More surprising has been the performance of Dale Earnhardt Jr., running out of fuel at New Hampshire with new crew chief Greg Ives. For much of Dover, Earnhardt was on the edge of making it inside the round of 12 and it took an aggressive move on the final restart to advance. Powering through on the outside, Earnhardt blasted past Jamie McMurray and finished one spot ahead of the No. 1 car, leaving the two tied for the final spot. Earnhardt may have advanced based on the tiebreaker but the up-and-down performance leaves many skeptical about his title chances despite a track, Talladega, coming up that should favor the No. 88.
“We lost a little speed over the summer,” he admitted. “We've just got to get a little bit of luck and not ruin it for ourselves.”
Only Jeff Gordon has paced himself correctly out of the Hendrick camp, avoiding any major mishaps and advancing despite not having strong speed (the No. 24 team has just three top-5 finishes all year). But if HMS doesn’t make major adjustments over the next three weeks the strength of the playoff field may leave both Gordon and Earnhardt out of the running, creating a shocking final eight without the organization that’s won six of the last nine NASCAR Cup titles.
THIRD GEAR: Joe Gibbs Racing Remains Big Winners
It wasn’t the best of days at Dover for Joe Gibbs Racing. Denny Hamlin got busted for speeding on pit road twice, suffered through handling woes and was lucky simply to finish inside the lead lap. Matt Kenseth’s team made a gutsy call for the No. 20 car to stay out on old tires, briefly gaining him track position in the short run but killing his speed down the stretch. Kyle Busch ran runner-up and still made the round of 12 by the skin of his teeth based on others’ strong performances.
All that being said, JGR still advanced all four of its Toyotas into the “Contender Round,” what NASCAR has labeled the next phase of its Chase format. With fourth driver Carl Edwards winning at Charlotte back in May, combined with the recent strength of Kenseth (he had the most points in round 1), chances for them to keep their perfect record remain high. Denny Hamlin, a winner at Loudon earlier in the postseason, has a Talladega victory from 2014 to hang his hat on. Add in Kansas, where Kyle Busch’s No. 18 showed winning speed from fill-in Erik Jones, and it seems like a Talladega wreck would be the only obstacle positioned to slow down this foursome from bulldozing all competition not named Harvick.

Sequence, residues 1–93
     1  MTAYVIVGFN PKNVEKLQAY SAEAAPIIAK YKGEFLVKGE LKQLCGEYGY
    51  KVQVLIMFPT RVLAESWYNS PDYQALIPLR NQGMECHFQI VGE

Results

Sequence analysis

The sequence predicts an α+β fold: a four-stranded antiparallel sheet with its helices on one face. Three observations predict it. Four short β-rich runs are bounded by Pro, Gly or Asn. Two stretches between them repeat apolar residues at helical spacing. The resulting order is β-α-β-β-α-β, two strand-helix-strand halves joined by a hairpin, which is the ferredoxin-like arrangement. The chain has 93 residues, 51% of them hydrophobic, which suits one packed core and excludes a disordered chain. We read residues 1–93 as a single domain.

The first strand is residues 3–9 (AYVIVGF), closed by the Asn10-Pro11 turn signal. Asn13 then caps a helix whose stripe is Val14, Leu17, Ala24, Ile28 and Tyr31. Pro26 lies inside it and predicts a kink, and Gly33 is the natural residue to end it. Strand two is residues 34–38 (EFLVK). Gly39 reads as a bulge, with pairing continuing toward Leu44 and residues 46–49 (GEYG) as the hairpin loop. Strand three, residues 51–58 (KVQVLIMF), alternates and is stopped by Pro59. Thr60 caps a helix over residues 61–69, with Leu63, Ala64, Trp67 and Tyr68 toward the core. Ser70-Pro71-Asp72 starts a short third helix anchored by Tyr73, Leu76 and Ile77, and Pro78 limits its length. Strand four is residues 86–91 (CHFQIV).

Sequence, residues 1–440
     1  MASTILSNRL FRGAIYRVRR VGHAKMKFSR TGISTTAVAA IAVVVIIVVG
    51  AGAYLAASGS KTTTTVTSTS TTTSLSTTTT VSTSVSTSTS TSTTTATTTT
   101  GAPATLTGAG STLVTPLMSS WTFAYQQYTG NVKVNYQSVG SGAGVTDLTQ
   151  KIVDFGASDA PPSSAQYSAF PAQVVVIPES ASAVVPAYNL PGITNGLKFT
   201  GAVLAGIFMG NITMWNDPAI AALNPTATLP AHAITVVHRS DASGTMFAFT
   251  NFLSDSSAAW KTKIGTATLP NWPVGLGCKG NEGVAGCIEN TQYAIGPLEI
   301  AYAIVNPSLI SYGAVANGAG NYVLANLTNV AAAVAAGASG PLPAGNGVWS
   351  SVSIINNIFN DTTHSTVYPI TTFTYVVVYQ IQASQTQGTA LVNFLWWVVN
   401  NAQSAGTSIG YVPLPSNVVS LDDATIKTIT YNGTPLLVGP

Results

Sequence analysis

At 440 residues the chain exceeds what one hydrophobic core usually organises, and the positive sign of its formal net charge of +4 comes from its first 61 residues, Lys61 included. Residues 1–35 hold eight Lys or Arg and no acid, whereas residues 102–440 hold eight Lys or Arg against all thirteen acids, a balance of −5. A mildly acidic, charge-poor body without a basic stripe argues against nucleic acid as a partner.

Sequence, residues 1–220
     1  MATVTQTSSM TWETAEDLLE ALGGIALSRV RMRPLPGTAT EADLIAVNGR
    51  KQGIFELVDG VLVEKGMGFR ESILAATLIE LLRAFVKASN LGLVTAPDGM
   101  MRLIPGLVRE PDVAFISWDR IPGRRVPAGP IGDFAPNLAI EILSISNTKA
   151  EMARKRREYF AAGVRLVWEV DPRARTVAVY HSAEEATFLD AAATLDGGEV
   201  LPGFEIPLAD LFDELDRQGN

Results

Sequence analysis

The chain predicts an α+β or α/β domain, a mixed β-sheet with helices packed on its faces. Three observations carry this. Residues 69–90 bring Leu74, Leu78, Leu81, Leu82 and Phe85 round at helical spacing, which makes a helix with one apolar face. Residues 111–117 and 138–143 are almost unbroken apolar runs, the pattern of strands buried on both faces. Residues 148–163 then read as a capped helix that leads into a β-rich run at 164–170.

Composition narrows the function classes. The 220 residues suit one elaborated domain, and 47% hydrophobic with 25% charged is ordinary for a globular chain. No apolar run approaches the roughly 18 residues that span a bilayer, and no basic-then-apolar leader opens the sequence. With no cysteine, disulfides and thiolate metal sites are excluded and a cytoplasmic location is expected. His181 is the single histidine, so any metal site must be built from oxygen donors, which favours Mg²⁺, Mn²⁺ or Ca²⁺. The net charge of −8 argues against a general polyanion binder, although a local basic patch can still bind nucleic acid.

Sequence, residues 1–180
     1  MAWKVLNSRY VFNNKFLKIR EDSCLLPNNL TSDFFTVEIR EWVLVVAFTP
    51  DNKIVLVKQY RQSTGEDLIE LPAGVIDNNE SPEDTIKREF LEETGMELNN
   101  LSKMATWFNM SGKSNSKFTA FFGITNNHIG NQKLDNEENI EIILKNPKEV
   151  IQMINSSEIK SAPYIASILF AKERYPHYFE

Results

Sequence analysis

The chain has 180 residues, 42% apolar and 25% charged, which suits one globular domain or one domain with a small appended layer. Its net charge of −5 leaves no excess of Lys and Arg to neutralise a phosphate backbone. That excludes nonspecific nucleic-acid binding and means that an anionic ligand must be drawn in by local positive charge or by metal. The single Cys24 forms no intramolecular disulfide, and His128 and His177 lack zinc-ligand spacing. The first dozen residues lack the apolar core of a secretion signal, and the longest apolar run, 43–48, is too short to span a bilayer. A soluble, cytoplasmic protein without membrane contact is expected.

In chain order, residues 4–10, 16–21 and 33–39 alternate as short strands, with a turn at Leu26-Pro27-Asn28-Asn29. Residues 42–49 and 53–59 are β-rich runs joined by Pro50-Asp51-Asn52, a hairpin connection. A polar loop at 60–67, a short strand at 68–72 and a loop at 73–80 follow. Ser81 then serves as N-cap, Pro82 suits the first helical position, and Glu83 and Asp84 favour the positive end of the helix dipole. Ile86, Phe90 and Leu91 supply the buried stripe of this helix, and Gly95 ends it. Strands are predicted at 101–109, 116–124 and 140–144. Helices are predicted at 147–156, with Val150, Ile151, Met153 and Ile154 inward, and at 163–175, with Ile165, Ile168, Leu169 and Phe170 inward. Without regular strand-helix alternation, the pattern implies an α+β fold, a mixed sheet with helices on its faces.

Of course, HMS had this same scenario and wound up advancing just one of its four drivers into the round of eight. Anything can still happen but JGR as a whole proved the last three weeks their summer was no fluke; they can now be labeled the strongest organization, top-to-bottom within the Cup Series right now.
FOURTH GEAR: Monster No More
Dover was once known as the Monster Mile for its penchant to turn racecars into mangled messes. So why the clean races nowadays? Only a handful of accidents littered this 400-mile event and just two drivers, rookies Brett Moffitt and Jeb Burton, failed to finish due to wrecks. Only one other, Landon Cassill DNF’d due to mechanical failure, a sign of durability this one-mile oval is suddenly powerless to stop.
What’s the problem? Drivers will tell you it’s a combination of speed, tires, and the current handling package. What we’ve seen in recent years is a one-groove racetrack, one that’s near-impossible to pass on yet a race where drivers have enough grip to keep from spinning out through Dover’s treacherous turns. A low-downforce, lower-speed version of the rules in 2016 could change that but it would also be in NASCAR’s interest to hold extensive tire testing here. Without the drama of the Chase, the race would easily rank as the worst all season and still resembled a single-file parade with little passing and major frustration brewing from top teams.
Why is that important? Dover, unlike most other tracks on the circuit is an independent without the deep pockets to keep races funded during a prolonged slump in competition (and fans in the stands). Losing a date here for NASCAR, still looking to make an impact in major markets throughout the Northeast and Mid-Atlantic states, would be a blow during a time where its popularity nationally is dwindling. Once one of the sport’s unique tracks, changes need to be made to ensure Miles The Monster is roaring again.
Sam Hornish Jr., a ho-hum 20th at Dover remains tight-lipped about his plans for 2016. A lack of sponsorship, forcing Richard Petty Motorsports co-owner Andy Murstein to spend millions out of his own pocket leaves Hornish in a precarious position despite showing small signs of improvement as of late... Aric Almirola has just three top-5 finishes all year. Two of them have now come at the Monster Mile (fifth Sunday)... Michael Waltrip Racing will partner with Premium Motorsports to run the 2016 Daytona 500 with owner/driver Michael Waltrip. It makes you wonder whether Waltrip will still find a way to keep MWR open in a limited fashion in 2016 and beyond, perhaps as a one-car operation until he wants to retire from Cup competition. Waltrip, a two-time Daytona 500 winner still runs the plate races in addition to his current role as a NASCAR analyst.
— Written by Tom Bowles, who is part of the Athlon Contributor Network and the Majority Owner of NASCAR Web site Frontstretch.com. He can be reached at firstname.lastname@example.org or on Twitter @NASCARBowles.
Photos by ASP Inc.